Father’s Day can be difficult. Here’s how to handle the holidays.

Get plenty of sleep and exercise in the week leading up to the holidays, said grief expert and therapist Claire Bidwell Smith. “When we’re in good physical shape, we can regulate our emotions better,” she said. Research has shown that poor sleep can negatively affect your mind and body and that exercise can improve mental well-being.

Mr. James has noticed that he is unusually irritable on holidays that remind him of his daughter. “Set expectations in the people in your life about what these days mean to you and why you might not be yourself,” he advised.

Think carefully about how you want to spend the day, Mrs. Soffer said. “Do you want to be invited to something, or would that be too difficult?” If your friends are busy with their own family on Sundays, “ask if you can hang out on Saturdays so you still feel like you have a support system.”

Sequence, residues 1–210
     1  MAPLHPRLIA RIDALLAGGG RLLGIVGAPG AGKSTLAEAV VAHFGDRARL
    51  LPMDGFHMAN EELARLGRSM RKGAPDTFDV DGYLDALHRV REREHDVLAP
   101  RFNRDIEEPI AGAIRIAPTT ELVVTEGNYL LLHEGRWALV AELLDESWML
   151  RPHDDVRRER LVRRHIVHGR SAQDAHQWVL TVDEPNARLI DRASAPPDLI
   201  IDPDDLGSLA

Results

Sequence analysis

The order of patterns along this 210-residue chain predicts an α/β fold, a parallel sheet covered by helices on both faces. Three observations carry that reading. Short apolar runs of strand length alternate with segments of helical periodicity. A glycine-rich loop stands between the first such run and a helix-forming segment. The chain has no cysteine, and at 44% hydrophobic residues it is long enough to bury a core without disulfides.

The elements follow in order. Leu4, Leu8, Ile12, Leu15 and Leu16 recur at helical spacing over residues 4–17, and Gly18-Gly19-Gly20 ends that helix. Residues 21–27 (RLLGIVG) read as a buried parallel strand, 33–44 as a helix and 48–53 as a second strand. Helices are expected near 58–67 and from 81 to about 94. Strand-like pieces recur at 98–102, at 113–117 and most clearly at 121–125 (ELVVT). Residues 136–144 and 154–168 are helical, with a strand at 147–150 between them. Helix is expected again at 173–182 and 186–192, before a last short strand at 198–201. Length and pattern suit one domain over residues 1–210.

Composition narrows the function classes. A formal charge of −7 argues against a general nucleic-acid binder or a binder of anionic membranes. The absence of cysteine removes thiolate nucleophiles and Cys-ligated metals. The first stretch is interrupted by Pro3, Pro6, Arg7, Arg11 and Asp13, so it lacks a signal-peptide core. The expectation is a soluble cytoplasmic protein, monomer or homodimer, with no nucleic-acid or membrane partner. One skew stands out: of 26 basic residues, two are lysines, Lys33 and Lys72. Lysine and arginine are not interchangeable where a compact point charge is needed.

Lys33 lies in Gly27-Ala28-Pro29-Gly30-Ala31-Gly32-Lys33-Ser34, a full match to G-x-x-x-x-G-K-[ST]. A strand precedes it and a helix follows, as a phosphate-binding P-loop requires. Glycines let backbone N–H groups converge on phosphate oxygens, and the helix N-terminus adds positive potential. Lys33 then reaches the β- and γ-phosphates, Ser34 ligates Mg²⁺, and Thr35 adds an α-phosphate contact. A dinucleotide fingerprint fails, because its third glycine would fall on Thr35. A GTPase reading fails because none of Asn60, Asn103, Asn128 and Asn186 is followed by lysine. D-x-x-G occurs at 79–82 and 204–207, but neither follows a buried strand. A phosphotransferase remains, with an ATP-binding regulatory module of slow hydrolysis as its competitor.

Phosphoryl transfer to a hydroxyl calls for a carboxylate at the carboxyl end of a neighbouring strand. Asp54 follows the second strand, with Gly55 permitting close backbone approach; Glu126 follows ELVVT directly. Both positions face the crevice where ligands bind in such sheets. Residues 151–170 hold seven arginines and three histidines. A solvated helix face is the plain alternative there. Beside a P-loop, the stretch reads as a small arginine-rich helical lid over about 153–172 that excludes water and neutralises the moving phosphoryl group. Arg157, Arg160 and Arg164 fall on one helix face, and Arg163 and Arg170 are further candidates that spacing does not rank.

There’s no reason you can’t still honor someone who has passed away, said Ms. Bidwell Smith, who still writes her father a Father’s Day card even though he died in 2003. Kristin Luna, 39, a writer in Tullahoma, Tennessee, lost her father unexpectedly in January. She has begun to set a table for him on special occasions, with an Auburn University balloon in honor of his alma mater.

Kacie Reed’s father was recently diagnosed with inoperable stage 4 cancer, and this Father’s Day “will likely be his last,” said Ms. Reed, 30, a stay-at-home mom in Greenville, SC. Because of their differing political opinions, “he will hardly talk to me anymore,” she said. In a day when idealized father-child relationships are being praised, Mrs. Reed doesn’t know how to navigate a difficult one.

She’s not alone. A 2020 Cornell University survey of more than 1,300 people found that 27 percent of respondents were estranged from a family member, with the most common rift (10 percent) being between parent and child. “If we expect a family to last forever, or for parents to love their children unconditionally and vice versa, it can be difficult if that’s not reflected in our real lives,” said Kristina M. Scharp, a university professor. from Washington who studies difficult family transitions.

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